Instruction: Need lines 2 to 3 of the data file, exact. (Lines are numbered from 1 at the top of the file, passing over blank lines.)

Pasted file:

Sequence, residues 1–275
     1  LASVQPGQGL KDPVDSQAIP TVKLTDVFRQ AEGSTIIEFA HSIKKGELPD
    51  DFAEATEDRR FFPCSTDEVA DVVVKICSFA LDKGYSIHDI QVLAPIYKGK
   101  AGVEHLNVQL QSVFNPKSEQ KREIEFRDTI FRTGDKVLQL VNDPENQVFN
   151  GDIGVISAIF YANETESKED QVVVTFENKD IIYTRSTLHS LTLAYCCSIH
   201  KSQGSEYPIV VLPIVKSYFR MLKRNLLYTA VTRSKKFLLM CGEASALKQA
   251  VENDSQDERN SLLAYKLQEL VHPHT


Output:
     1  LASVQPGQGL KDPVDSQAIP TVKLTDVFRQ AEGSTIIEFA HSIKKGELPD
    51  DFAEATEDRR FFPCSTDEVA DVVVKICSFA LDKGYSIHDI QVLAPIYKGK